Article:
Why This Blog

I’m self-employed and I’ve always had health insurance.  I’m one of the lucky ones — I never get sick.  I haven’t been to the hospital in 25 years, back in the days when the hospitals were keeping costs low by whisking newly delivered mothers out the door, baby in hand, within 36 hours of their arrival.  A second night in the hospital? Nope, it wasn’t covered back then.

In any case, buying insurance on the individual market is easy enough if you never actually ask the insurance company to spend any money on you.  I had a policy,  I was happy.  Just to make sure, I gave them a call in July to verify that my policy was ‘grandfathered’ and would would be there for me after the implementation of the Affordable Care Act  (Obamacare) in January.  No problem – I was assured that I would be able to keep my policy.

Not so.  Contrary to the confident but deeply mistaken assertion of the insurance company’s telephone support agent, my policy expires as of December 31, 2013.  Come January, my insurance company will either automatically roll me into a new policy of its choosing, or else I will buy my own.   The insurance company sent me a letter explaining all this on September 30.   Fortunately, the exchanges were set to open the following day.

Well, of course it hasn’t been all that easy. I live in California so my state’s exchange – CoveredCa.com was up and running.  Except the part where you actually sign up for insurance was, er, having a little bit of difficulty when it came to actually functioning.

In the past week I’ve steeped myself in learning just about everything I can about the actual process of signing up for insurance, figuring out eligibility for subsidies, and making sense of various options in my state. And the first thing I’ve learned is this:

Nobody knows very much about anything.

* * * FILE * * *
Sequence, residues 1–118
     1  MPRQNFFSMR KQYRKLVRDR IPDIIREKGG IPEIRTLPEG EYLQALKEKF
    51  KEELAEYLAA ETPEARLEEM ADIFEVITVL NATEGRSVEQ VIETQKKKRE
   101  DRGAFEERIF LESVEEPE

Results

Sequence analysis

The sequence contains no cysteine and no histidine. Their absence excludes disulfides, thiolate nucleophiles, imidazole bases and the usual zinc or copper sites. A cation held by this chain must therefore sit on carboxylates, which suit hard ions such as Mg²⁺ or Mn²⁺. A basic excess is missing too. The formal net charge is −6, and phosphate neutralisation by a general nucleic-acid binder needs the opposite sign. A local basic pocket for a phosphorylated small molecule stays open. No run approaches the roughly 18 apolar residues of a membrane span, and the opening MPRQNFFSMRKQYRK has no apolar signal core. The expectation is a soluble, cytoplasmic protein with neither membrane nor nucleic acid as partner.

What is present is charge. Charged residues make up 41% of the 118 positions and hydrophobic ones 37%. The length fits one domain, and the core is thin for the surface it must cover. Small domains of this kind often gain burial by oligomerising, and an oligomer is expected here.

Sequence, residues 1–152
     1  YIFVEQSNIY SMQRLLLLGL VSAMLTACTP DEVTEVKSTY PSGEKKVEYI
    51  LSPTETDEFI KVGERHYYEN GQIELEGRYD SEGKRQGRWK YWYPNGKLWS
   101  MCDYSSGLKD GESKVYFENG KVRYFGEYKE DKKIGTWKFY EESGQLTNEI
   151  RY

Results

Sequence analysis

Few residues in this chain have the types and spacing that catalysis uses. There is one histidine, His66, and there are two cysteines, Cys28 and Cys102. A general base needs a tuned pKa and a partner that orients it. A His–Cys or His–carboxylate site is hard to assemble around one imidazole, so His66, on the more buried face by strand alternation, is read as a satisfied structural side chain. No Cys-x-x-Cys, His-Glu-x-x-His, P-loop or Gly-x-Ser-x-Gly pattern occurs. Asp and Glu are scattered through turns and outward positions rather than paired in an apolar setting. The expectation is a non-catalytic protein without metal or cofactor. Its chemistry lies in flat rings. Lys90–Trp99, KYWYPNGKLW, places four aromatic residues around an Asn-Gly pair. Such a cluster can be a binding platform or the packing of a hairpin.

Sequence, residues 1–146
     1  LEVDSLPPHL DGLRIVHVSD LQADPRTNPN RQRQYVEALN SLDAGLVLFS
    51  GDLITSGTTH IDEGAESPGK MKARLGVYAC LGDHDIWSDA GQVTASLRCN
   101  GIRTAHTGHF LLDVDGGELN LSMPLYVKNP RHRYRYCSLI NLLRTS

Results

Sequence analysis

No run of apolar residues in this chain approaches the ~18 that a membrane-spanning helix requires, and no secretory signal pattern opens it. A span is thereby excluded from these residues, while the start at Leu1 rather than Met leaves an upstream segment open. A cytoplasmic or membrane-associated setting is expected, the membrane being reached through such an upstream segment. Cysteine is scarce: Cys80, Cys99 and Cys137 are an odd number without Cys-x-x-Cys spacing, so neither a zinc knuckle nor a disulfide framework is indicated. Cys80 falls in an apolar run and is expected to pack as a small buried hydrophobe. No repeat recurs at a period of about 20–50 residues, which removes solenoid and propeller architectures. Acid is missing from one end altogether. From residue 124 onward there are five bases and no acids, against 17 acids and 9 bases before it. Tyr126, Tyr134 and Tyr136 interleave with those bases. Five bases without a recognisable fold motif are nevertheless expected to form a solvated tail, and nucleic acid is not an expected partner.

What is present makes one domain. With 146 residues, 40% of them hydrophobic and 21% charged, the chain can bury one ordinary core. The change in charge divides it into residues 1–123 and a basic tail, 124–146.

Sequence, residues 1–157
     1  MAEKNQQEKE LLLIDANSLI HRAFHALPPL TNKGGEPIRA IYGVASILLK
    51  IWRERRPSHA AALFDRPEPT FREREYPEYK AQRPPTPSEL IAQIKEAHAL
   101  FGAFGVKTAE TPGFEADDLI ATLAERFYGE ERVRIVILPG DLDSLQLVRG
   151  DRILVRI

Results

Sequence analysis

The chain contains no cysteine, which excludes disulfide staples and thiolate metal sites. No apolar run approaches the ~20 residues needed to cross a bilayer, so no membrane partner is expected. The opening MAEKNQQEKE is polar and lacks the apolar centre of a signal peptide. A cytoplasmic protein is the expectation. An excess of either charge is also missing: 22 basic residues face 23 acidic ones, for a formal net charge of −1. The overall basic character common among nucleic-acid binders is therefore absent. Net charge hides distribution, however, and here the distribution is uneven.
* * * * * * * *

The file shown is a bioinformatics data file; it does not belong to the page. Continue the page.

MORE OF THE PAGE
A good deal of the information out there is wrong.  (“Out there” means what is on other web sites and blogs, what my friends say, what my enemies say, what the common man on the street things — and most important, what the agents who work for the insurance companies say.)

So I decided to set up this blog to help guide others through this maze.

Please don’t take anything you find on this blog as gospel.  I’m pretty good at figuring things out and explaining them to others, but I can make mistakes just as others can. The reason that there is so much misinformation out there is the details are still very fuzzy and much of the information is late developing.  Many of the details will be ironed out in the weeks and months to come, but in the meantime you and I are likely to get contradictory information and advice.   I just help that this guide helps some people make sense of their options.


6 thoughts on “Why This Blog

  1. Hi Freelancer,

    Read your comment on another site about getting the subsidy at the end of the year. Very detailed and helpful. Unfortunately as you said above “Nobody knows enough about anything”.

    Since I am consultant I have encountered the following issues:
    -COVERED operators will push you into Medical if the 2014 future reader (as in Nostradamus sw system) guess you do not make enough money in 2014.

    -Tried to buy UNSUBSIDIZED insurance through Covered operator but he said I could not do it, and I should pick Medical. This is not correct in my opinion.
    -After long struggle convinced the operator that is hard to guess future income as contracator and get an approval but need to submit more docs along the way like almost monthly!

    – Now I am scared that if my income is not exactly above the threshold they may cancel the insurance rather then giving me the option to pay the full premium and reconcile later when filling the taxes.

    For people with variable income they should keep the option open for the end of the year subsidy, inform clearly about this and definetely avoid pushing them outside of exchange or into Medical. Once you are pushed outside you do not have the chance to reconcile your income at the end of 2014 when we know the facts not now when we guess.

    Freelancer, any advice?

    • The easiest thing is simply to be familiar with the numbers before you apply, and fill out the the financial form with numbers that don’t fall outside either the upper or lower limits for subsidy eligibility. Obviously this has to be based on honest and realistic expectations for future earnings — but if your income from consulting is variable, then there is probably a fairly wide range of numbers that would be reasonable for you to estimate.

      • I am familiar with the numbers but for example if as a consultant I got a one time payment in 2013 from a company the system will remove it from your future income. Chances are that in 2014 I will have multiple one time payments ranging from 5k to 15k. So it is not what you estimate but what you prove …to be. I am in for now with a Blue Shield PPO and waiting to pay.